Put Down That Phone: Unplug Now to Improve Your Focus
Blake Lovell | My Mind
You probably knew about the fifth annual National Day of Unplugging that took place a few weeks ago. Surely a tweet or Facebook post informed you of the news, right? After all, with instant access to even the tiniest bit of information always at our disposal, there’s a good chance you saw something about it. Then again, due to the flood of constant communication through apps and social media, you might have missed it. Unplugging from technology for a day is something everyone should entertain at some point, as the benefits far outweigh the need for constant contact with the outside world.
Focus, Focus, Focus
When you’re always bouncing from one thing to another, it’s impossible to achieve the focus you need for an important task. Continual use of technology only makes this worse. If you’re not reading an email, you’re looking at Facebook. If you’re not sending a Snapchat, you’re sending a tweet. If you’re not playing a game on your phone, you’re texting three people at the same time. How can you attain any kind of focus with so much going on?
A Battle With Technology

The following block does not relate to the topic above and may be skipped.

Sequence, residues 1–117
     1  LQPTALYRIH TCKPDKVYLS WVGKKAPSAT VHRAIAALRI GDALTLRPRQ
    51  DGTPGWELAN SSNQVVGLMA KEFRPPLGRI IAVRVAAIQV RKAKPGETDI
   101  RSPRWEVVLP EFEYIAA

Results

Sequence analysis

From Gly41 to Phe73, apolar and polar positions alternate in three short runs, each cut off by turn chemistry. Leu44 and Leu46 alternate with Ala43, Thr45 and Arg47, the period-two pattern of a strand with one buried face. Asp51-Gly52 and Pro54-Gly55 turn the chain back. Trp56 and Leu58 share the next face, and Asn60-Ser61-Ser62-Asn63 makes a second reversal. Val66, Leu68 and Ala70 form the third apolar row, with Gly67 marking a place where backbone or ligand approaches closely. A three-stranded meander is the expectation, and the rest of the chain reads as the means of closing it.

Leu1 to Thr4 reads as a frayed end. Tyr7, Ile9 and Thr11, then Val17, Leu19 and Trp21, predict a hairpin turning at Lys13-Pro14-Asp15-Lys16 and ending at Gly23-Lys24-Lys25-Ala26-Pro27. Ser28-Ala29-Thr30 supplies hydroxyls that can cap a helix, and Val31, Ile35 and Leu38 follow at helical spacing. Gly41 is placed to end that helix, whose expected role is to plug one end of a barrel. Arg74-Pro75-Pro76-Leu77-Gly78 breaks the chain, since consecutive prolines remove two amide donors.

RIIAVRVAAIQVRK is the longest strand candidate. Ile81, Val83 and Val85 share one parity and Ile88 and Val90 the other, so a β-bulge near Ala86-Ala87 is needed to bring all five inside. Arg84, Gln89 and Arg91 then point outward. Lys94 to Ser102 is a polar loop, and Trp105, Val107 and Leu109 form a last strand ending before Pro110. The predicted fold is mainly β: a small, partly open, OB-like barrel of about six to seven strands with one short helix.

Technology has brought about innovations that without question enhance our life experience. However, gadgets have also overloaded us with a wealth of tools that allow us to constantly be in contact with someone other than ourselves. This is a double-edged sword. On the one hand, talking and interacting with others on a consistent basis gives us a great deal of happiness. But on the other hand, it can distract us from improving ourselves and focusing on the goals that are important to us.
Keep Things Simple
In order to regain our focus, sometimes we have no choice but to unplug. Whether it’s going cold turkey with a hardcore 24-hour sabbatical or simply cutting out one of the many apps on our phone, it’s necessary at times to resort to old school tactics to eliminate the clutter from our mind. Instead of playing Angry Birds, read a book. Instead of communicating with your friends through social media, meet up with them and go on a hike instead. Oh, and leave that phone in your car.
You Are Your Top Priority
We live in an age where we are getting advice from millions of sources. We can find anything we want about any subject in the world. While that can have its advantages, we end up neglecting ourselves when we become so addicted to information and interaction with others. We are so busy with others that we don’t set aside time to think about what matters most to us. No app or tweet is more important than maintaining a healthy mind.
You may find unplugging for an entire day impossible. After all, you have to be able to communicate at work, or with your kids, family members, etc. But, if you want to be able to focus and be more productive, start small and work from there. Take an hour off at lunchtime. Then try two hours after dinner. Once you start to see the real benefits, you can take a leap and try a whole afternoon.
Your muddled mind will thank you for it.